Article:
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Analysis of factors influencing the intravertebral shell phenomenon after posterior reduction internal fixation of thoracolumbar fracture: a retrospective study

Abstract

Study design

A retrospective study.

Purpose

The study objectives were as follows: 1) to analyze the factors influencing the occurrence of the intravertebral shell phenomenon (ISP) after thoracolumbar spinal fracture surgery and the evolutionary outcome of this phenomenon; and 2) to make recommendations for the clinical prevention and treatment of ISP.

Methods

We retrospectively analyzed 331 patients with single-segment fractures of the thoracolumbar spine treated with internal fixation via a pedicle screw-rod system. Univariate and multivariate logistic regression were used to analyze factors influencing ISP.

Results

A total of 260 patients (78.5%) developed ISP after surgery. Reduced bone mineral density, screw insertion depth, degree of vertebral body injury, and excessive vertebral body spreading were significantly associated with the occurrence of ISP (P < 0.05). A total of 166 of the 260 patients were reviewed via CT at 1 year postoperatively. Among them, 104 patients (62.6%) showed shrinkage or healed vertebral cavities, and 62 patients (37.4%) showed enlarged vertebral cavities or collapsed endplates.

Conclusion

In clinical management, surgeons need to focus on risk factors for ISP, which include decreased bone density, preoperative vertebral overcompression, intraoperative vertebral overextension, screw insertion depth, and the degree of vertebral repositioning. At the 1-year postoperative follow-up, some of the vertebrae with ISP failed to heal or even showed vertebral cleft enlargement, which would affect the stability of the internal fracture fixation device and the quality of the patient's daily life.

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Background

Thoracolumbar segment fractures are among the most common types of spinal fractures in clinical practice [1, 2] and account for approximately 60–70% of all spinal fractures. This is mainly attributed to their special biomechanical and anatomical characteristics [3]. The choice of treatment option for neurologically asymptomatic thoracolumbar fractures has not been fully clarified. A systematic review showed little difference in efficacy between surgical and nonsurgical treatment at ≥ 6 months for neurologically asymptomatic thoracolumbar burst fractures [4]. The current general principle of surgical treatment is that if there is spinal cord compression or neurological symptoms, open reduction and internal fixation with spinal canal decompression is generally chosen. If there is no neurological injury and the injury is mild, percutaneous pedicle screw fixation is usually chosen [5,6,7]. Many years of clinical experience have confirmed good clinical results using these methods, but there are still some problems to be discussed and studied.

Combining previous literature and our clinical observations, we have found that injured vertebrae treated with internal fixation devices frequently exhibit imaging features of intravertebral clefts [8,9,10]. Such a cleft usually manifests as a vertebral bone defect or vertebral body fracture. On CT, the main manifestation is an irregular low-density shaded area in the injured vertebral body, which forms a bone defect area resembling an eggshell-like parcel. We refer to this postoperative vertebral body defect phenomenon as the intravertebral shell phenomenon (ISP). Additionally, we have found that at 1 year after surgery, the area of bone defects in some of the vertebrae with ISP have further expanded and could even led to the collapse of the adjacent endplates, resulting in delayed or nonhealing of the fracture, internal fixation instability, and chronic back pain. Although previous studies have reported the development of such phenomena during the conservative treatment of fractures, little attention has been given to vertebral body changes after the surgical treatment of thoracolumbar fractures [8, 9, 11]. Most currently available studies on ISP are limited in scope to imaging characteristics and lack data on the early prevention, treatment, and evolution of this phenomenon. In this study, we present the occurrence of ISP in patients with thoracolumbar fractures treated with internal fixation via pedicle screws, as well as the factors that influence the outcome of the evolution of ISP at 1 year postoperatively, to provide a reference for the prevention and treatment of this phenomenon.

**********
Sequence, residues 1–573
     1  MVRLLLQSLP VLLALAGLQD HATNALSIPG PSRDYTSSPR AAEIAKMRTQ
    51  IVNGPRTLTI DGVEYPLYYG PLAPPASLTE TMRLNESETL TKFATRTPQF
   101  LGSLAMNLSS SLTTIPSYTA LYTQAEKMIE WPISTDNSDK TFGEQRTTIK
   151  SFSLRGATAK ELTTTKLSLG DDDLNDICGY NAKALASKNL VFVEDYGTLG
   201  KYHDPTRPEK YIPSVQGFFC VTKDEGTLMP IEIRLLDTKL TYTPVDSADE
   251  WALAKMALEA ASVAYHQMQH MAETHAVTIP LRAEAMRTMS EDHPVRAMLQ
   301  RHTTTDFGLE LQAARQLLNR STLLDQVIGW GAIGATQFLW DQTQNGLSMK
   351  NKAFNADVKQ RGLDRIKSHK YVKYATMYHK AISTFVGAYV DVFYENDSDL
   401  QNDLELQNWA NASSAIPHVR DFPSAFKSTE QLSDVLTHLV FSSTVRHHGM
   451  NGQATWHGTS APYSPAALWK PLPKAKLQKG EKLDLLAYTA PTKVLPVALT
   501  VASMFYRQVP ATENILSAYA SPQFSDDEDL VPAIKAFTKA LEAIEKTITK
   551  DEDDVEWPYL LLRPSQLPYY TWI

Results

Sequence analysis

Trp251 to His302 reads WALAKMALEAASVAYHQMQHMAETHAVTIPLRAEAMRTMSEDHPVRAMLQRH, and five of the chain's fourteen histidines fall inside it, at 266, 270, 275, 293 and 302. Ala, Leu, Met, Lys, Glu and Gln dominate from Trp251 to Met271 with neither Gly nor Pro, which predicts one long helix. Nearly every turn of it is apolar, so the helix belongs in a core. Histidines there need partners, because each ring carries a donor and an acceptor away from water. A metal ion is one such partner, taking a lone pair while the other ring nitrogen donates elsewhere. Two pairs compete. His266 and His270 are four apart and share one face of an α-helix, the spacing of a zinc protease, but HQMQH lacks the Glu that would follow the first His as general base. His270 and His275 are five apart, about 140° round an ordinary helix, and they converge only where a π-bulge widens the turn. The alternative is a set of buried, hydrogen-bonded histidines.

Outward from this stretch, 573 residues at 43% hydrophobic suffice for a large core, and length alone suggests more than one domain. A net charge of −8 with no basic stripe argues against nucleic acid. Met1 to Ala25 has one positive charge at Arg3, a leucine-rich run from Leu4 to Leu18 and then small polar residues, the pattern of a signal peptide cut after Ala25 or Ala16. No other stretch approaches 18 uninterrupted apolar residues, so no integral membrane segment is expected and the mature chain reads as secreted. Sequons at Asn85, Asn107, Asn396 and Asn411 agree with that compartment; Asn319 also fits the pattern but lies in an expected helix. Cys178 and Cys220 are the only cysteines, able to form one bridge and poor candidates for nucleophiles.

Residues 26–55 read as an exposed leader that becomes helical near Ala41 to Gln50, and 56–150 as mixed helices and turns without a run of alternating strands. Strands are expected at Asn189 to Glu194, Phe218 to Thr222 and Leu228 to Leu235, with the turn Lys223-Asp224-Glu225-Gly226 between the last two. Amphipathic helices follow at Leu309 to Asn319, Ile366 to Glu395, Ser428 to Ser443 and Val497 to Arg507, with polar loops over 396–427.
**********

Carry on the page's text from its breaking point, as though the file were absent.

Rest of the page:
Materials and methods

Patients with fractures of the thoracolumbar spine (T11 to L2) who were admitted to the Department of Spine Surgery of the University Hospital between January 2015 and December 2020 were included in this retrospective study (Fig. 1). The patient inclusion criteria were as follows: (1) single-segment Denis compression and burst fractures of T11-L2 within 2 weeks after injury [12]; (2) combined or uncombined posterior ligamentous complex injury and intradiscal occupancy with minor or no neurological injury; and (3) perfect imaging data, including preoperative and postoperative vertebral body CT scans, postoperative follow-up data after more than 1 year, and CT or X-ray review results. The exclusion criteria were as follows: (1) T11-L2 fracture with substantial subluxation or severe spinal nerve injury requiring anterior decompression and implant fusion; and (2) cranial or thoracoabdominal injury or other systemic disease precluding surgery or necessitating postponement of surgery.

Fig. 1
figure 1

Data sources and selection. From January 2015 to December 2020, a total of 1,110 patients completed surgery. A total of 331 patients were included in the study through screening by inclusion and exclusion criteria. A total of 166 patients with ISP completed a CT review 1 year after surgery. Then the review results of these 166 patients were studied, of which 104 patients had a reduced or healed cavity and 94 had an enlarged cavity or adjacent tissue damage

Observed indicators